Will anyone be happier to see August go than Democrats? The party has been languishing in the worst kind of political summer doldrums, buffeted both by the president dipping his toe into unpopular end of a transitory political debate--regarding the so-called "ground zero mosque"--and by continuing bad news on more enduring issues, namely unemployment and the economy. What better capstone to the month, then, than the latest Gallup generic ballot for the 2010 midterm elections, giving Republicans a 10 point lead, their biggest ever.
That's "ever" not in the context of this election. That's "ever" in the context of 68 years of Gallup polling. That 10 point margin is twice as large as the GOP records that stood before this year, five points in both the summers of 1994 and 2002.
Republicans' presumed turnout advantage, combined with their current 10-point registered-voter lead, suggests the potential for a major "wave" election in which the Republicans gain a large number of seats from the Democrats and in the process take back control of the House.
Gallup's generic ballot has flip-flopped all year long. It gave Democrats a significant lead as recently as the middle of July, remember. So it will be interesting to see whether this lurch marks the electorate starting to break toward the GOP or whether the race tightens again in a week.
But the Gallup poll does also contain an ongoing trend that should scare the daylights out of Democrats: the GOP's chasm-like advantage in voter enthusiasm. Fully half of Republican voters are now "very enthusiastic" about voting in the fall, twice as many as Democrats (25 percent).
Labor Day will bring the traditional start of the campaign season, though really it's the beginning of the end of the campaign. As The Fix's Chris Cillizza notes, Democrats have one last line of defense upon which they can fall back in their fight to hold control of Congress. Chris writes:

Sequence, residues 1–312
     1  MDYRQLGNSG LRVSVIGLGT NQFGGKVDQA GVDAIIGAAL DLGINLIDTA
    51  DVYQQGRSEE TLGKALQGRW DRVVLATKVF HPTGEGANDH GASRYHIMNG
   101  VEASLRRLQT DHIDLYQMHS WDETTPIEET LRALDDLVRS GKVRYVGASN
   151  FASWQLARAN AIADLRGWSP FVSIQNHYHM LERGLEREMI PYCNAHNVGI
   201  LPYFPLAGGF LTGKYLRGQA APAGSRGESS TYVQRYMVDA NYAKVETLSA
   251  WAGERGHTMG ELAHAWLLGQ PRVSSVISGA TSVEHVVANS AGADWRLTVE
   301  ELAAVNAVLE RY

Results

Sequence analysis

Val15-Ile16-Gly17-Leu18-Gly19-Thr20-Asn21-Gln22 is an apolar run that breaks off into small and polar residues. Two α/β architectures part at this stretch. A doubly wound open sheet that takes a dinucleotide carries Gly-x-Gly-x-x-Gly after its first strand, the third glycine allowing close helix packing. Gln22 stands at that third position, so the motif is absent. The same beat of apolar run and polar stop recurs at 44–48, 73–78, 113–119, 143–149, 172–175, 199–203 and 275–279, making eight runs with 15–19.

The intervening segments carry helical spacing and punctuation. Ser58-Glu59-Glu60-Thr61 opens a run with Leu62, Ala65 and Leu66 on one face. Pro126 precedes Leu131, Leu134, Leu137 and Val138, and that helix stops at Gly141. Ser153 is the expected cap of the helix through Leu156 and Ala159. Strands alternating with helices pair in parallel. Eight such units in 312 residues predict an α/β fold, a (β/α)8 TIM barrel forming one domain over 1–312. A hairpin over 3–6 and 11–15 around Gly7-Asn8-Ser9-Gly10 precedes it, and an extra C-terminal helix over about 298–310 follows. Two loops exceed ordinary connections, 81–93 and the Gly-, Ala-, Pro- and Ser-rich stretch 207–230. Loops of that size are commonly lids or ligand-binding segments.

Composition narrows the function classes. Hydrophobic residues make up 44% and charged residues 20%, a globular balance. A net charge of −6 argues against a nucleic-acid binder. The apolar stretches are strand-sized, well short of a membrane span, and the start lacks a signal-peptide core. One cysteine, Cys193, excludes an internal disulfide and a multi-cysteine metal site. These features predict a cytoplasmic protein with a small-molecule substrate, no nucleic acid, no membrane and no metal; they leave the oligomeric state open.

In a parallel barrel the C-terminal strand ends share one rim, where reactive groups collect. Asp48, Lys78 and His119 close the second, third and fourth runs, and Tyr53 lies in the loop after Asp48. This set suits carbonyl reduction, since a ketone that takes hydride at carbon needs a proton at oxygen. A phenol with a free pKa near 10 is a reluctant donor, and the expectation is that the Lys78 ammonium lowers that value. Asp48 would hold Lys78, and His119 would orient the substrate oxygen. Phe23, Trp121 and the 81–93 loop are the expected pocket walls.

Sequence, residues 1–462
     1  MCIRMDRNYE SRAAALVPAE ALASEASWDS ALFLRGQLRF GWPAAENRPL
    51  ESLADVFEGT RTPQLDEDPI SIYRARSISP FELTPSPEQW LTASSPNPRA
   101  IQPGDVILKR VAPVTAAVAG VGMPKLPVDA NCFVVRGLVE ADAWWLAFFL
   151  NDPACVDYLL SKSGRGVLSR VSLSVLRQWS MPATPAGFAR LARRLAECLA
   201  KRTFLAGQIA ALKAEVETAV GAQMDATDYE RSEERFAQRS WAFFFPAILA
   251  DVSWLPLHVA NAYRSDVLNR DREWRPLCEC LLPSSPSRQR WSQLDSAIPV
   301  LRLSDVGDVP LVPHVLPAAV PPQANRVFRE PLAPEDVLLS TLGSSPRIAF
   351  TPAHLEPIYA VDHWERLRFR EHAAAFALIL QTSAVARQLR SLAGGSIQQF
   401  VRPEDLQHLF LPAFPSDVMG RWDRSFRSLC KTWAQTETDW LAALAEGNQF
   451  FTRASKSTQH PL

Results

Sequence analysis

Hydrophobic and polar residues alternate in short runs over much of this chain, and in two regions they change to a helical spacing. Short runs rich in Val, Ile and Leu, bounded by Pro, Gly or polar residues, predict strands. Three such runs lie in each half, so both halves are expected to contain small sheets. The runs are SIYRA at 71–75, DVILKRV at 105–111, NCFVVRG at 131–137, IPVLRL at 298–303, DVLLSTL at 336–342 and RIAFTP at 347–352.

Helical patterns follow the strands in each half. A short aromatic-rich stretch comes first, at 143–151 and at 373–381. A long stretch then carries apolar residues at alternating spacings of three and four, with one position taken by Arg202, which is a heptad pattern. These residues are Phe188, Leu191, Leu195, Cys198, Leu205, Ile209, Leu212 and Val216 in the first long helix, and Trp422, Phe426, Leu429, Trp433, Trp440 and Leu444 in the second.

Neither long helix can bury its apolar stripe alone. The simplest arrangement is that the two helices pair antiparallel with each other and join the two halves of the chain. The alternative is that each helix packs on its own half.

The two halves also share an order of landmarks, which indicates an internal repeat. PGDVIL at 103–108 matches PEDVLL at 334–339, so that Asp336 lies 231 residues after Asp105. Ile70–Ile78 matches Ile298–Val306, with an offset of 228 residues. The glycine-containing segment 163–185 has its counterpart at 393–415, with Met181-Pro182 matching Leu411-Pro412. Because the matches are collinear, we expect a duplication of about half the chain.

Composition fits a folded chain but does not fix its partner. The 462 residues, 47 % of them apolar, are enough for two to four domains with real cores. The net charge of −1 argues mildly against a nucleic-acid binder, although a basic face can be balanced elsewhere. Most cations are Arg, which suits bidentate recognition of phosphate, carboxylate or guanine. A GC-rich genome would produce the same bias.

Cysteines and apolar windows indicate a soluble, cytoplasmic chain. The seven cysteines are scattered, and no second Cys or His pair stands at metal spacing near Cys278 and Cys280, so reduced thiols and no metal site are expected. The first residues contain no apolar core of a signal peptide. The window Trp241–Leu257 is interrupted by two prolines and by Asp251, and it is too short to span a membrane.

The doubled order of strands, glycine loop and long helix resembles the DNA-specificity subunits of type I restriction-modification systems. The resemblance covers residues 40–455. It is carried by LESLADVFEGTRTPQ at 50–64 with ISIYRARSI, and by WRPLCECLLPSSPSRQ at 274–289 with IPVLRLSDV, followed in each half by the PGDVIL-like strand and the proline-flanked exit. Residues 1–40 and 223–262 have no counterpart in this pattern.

The next few weeks will be critical to Democrats' hopes of holding onto the House. Most targeted Democratic incumbents as well as the Democratic Congressional Campaign Committee have fundraising edges over their GOP rivals. That means that Democrats will hit the television airwaves first with ads that, almost certainly, will seek to hammer their foes over a variety of issues ranging from Social Security to job creation.
If those ads move numbers against Republicans across the country, Democrats may be able to mitigate -- if not totally alleviate -- their losses. If the ads don't change voters' perception in a meaningful way, Democrats could be headed to an electoral Armageddon on Nov. 2.
Right on cue, the Democratic Congressional Campaign Committee Monday released its first independent expenditure ad of the cycle, hitting GOP-er Sean Duffy who is running for the seat being vacated by retiring Democratic Rep. David Obey of Wisconsin. Do the Democrats have the cash to build a big enough firewall to hold the House? Stay tuned.